Platinum Decision: Kia’s 2014 Optima

As the saying goes (well, I think it’s a saying), “It’s hard to improve on perfection”. Kia’s newest Optima is a shining example of that, especially at the highest level, the Platinum. With a side profile not unlike a Jaguar XF, a mild revamp of the exterior and an even milder interior refresh, it’s been left to the buying public to decide if that’s a wise decision. A Wheel Thing goes one on one with the new, 2014 spec, Optima Platinum from Kia.Optima profile

With the current shape (since 2010/11) already a svelte and pretty one thanks to the European influence from Kia’s head designer Peter Schreyer, exterior mods are simple: a redesigned boot lid for a integrated spoiler, redesigned tail lights, the inclusion of a diffuser style insert in the rear bumper whilst the front cops Kia’s new quad LED driving Platinum frontslights with the strip LEDs once situated under the headlights and lower down moving into and above the headlights themselves. It’s subtle, yet effective. With the test car presented in a pearlescent white, what was also noticeable was how cleverly a potentially slabsided car has been made to not look so, with a deep scallop at the base of the doors taking away visual weight, breaking up the look from windowline, to scallop, to bottom of the side skirts. It’s a sweet, cohesive design except, for A Wheel Thing’s eyes, the decision to align the bottom edge of the Optima night taillightsbootlid mounted tail light structure with the crease line underneath the body mounted tail lights, rather than the bottom of the cluster itself. It’s a small Platinum rearsyet jarring design issue, detracting somewhat from the fluidity of the rear. Kia, refer to the tail light on the XK Jaguar on how to do it. Having said that, at night they have Kia’s new neon look, it’s attractive and classy. There’s sexy, new 18 inch alloys, grey painted and machined to give contrast, Optima wheelwrapped in 225/45 Nexen rubber.

The interior changes seem to be restricted to some plastics, moving to a piano black on the dash and steering wheel, replacing the deep grey metallic, plus a change to the screen look in the satnav, with a clean 3D look. There’s still the same red backlight KIA in the front aluminuim sill plates, the colourful dash display, comfortable electric seats with two place setting memory, sunroof, reverse camera and such like. It’s a nice office, with plenty of head and shoulder room, Optima dashalthough the rear seats still suffer from the seat belt lock mechanisms “falling” into their attachment places. With a child seat for a four and a half year required, this lack of support can be troublesome at times. There’s a couple of niceties, such as cooling for the glovebox, dual zone aircon and a cobalt blue mood lamp for the centre console with audio from the Infinity supplied system clear, punchy and crisp. Boot space is Mafia requirement fulfilled, with over 500 litres of capacity available should one wish to fill it with a months worth of Optima bootOptima consoleshopping…..or something else.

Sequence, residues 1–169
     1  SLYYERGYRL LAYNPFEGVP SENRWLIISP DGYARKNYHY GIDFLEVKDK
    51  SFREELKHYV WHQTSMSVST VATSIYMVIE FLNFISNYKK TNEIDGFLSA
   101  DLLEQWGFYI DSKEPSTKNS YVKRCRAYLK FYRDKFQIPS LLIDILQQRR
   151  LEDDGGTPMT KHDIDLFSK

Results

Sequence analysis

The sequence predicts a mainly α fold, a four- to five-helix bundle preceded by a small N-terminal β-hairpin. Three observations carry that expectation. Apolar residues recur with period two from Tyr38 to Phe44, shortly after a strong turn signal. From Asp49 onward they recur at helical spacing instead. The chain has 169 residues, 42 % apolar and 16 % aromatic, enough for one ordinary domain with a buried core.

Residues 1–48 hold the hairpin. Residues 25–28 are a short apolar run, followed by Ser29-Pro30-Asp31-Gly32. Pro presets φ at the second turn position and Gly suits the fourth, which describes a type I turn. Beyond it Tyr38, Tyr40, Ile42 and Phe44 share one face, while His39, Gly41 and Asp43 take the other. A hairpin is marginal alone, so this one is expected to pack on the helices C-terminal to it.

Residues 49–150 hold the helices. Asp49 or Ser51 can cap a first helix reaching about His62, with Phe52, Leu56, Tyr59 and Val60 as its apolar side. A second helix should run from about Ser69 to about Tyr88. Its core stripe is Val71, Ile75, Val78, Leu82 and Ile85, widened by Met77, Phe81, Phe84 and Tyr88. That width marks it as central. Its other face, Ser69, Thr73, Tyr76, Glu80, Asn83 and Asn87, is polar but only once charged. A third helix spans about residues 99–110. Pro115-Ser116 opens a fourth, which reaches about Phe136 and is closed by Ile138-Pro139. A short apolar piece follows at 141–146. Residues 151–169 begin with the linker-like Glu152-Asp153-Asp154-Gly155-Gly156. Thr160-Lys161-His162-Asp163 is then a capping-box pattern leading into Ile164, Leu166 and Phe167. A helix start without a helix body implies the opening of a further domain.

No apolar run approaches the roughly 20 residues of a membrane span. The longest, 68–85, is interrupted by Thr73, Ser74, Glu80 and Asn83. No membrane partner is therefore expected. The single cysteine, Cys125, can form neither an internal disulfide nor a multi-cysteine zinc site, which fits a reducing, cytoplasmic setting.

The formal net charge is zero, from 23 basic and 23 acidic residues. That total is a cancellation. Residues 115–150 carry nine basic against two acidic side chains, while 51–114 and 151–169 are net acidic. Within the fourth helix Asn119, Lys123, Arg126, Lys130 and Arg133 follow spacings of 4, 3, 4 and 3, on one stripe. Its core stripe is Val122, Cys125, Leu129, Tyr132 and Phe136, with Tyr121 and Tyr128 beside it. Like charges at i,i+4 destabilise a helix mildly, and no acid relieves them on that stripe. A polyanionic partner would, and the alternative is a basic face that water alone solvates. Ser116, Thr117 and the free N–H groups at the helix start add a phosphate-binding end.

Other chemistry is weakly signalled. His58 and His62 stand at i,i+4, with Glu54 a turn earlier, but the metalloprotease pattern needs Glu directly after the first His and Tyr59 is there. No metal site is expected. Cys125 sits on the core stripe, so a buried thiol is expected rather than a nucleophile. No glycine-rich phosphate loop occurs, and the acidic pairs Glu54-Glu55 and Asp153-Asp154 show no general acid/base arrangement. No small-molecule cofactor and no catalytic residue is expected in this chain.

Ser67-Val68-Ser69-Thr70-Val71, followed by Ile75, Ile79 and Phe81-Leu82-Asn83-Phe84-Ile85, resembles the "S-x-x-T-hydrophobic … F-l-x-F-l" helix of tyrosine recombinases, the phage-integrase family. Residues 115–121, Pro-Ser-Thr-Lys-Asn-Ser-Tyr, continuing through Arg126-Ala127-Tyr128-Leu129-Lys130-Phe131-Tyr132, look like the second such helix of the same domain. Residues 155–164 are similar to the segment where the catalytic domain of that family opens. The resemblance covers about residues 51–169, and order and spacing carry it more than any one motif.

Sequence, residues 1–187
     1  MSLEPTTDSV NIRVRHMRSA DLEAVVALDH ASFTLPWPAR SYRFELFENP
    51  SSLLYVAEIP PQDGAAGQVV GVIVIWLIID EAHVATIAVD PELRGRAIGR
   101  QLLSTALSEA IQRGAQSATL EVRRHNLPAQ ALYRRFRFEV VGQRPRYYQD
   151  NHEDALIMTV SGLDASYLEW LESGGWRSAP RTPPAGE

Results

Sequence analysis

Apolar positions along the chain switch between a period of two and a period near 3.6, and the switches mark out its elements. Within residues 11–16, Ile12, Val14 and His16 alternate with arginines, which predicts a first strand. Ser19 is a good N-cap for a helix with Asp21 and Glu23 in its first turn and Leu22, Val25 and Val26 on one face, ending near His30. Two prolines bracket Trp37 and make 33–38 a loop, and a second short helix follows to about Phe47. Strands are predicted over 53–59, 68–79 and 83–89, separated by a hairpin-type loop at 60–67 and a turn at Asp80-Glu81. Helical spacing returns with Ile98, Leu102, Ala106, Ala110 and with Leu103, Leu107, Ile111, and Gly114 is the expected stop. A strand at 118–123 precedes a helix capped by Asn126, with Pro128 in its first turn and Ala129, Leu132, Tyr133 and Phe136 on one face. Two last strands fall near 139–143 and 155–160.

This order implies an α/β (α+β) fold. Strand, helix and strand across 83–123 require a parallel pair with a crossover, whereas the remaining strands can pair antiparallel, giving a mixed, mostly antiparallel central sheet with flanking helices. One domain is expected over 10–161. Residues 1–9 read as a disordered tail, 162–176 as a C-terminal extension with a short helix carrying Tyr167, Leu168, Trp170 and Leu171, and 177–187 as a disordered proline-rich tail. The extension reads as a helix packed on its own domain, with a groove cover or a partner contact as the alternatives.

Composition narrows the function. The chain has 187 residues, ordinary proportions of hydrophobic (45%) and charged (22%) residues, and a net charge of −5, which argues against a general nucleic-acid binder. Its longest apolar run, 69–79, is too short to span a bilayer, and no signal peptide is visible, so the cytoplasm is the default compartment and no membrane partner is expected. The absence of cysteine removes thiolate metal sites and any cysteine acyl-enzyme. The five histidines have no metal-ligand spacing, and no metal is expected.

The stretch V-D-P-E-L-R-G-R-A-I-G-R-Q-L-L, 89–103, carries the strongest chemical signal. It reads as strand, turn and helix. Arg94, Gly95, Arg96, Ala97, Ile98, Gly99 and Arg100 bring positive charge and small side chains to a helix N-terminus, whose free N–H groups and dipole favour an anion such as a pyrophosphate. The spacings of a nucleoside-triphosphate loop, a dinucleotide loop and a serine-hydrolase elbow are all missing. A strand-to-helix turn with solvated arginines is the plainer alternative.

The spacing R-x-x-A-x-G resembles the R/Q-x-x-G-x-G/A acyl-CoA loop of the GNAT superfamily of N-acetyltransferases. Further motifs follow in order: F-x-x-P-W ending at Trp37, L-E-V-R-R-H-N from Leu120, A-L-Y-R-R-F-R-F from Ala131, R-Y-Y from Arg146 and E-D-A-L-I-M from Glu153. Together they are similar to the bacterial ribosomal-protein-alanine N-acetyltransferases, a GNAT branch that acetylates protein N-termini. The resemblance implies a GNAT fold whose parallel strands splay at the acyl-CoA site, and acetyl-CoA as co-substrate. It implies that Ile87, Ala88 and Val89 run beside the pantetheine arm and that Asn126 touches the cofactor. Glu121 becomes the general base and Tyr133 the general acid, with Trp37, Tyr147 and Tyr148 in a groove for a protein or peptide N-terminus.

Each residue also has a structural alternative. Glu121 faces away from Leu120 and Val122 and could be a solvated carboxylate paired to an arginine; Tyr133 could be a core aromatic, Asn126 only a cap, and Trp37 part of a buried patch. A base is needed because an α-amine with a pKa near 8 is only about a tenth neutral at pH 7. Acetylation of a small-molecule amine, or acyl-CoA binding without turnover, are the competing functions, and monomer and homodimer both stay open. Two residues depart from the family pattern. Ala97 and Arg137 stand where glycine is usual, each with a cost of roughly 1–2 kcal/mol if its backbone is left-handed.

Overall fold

Of a troubling note (and, bearing in mind, there was less than 3000 km “on the clock” when the Platinum was collected, so still running in) was the economy from the 2.4L petrol, gasoline direct injection engine fitted, drinking, not sipping, from the 70 litre tank. Flexible enough to run on E10 to 98, the best figure attained in a week was 8.3L/100 kilometres. Worst was 10.9L/100km. Even with a run to Australia’s hallowed motorsport turf, Mount Panorama, on country highway dry roads, best was 8.5L. Kia’s own figures quote 11.2L/100km in an urban cycle, 7.9L/100km combined and 6.0L/100 highway. The engine produces 148 kilowatts at 6300 revs and 250 Newton metres of torque at 4250 rpm, through a six speed auto transmission driving the front wheels, in a car weight of 1600 kilos (dimensions are 4845/1830/1455mm) and a total gross weight of, call it, two tonnes. The Mazda6, possibly its closest competitor, has 138kw/250Nm at 5700rpm/3250rpm respectively and a kerb weight over 100 kilos lighter. Combined economy is quoted as 6.6L/100kms. For my money, the Optima needs to go on a diet or find a diesel.Optima front left nightOptima front

The feel of the 2014 Optima Platinum through the tiller feels lighter than its predecessor. In the 2013 model, there’s a noticeable weight, a feel of requiring extra effort and a sense of front wheel drive, whilst the ’14 model feels better balanced and less front wheel oriented. On the road it’s superb; flat, neutral, no squat or roll when pushed hard, minimal dive under brakes and minimal understeer in tighter turns. However, there’s a feeling of skittishness from the front rubber, almost as if there’s marbles underfoot, taking away from the confidence in the handling somewhat. Acceleration is decent, the engine spinning easily through the gears, selectable via a tip shift or paddles, whilst brake pedal feel is light to start and progressive in travel. Technology comes into play with blind spot detection and Rear Cross Traffic Alert (sensors advise audibly if they sense motion behind the vehicle when reversing), auto headlights and wipers, guidelines on the eight inch reverse camera colour screen plus traction control and hill start assist.

At just on $40K for the Platinum, there’s a decent amount of kit supplied compared to the Si entry level (check out for information). With supermodel looks, ride and handling of better than average punter capability or appreciation, the Achille’s heel is the fuel economy. In stop start traffic or even normal suburban conditions, a VF Commodore is more frugal, with an engine of V6 configuration, a litre plus bigger in size and bigger overall. However, when it comes to looks, handling and comfort, it’s worthy of a parking spot in your driveway. Go here for A Wheel Thing TV’s video review: and for purchase options and

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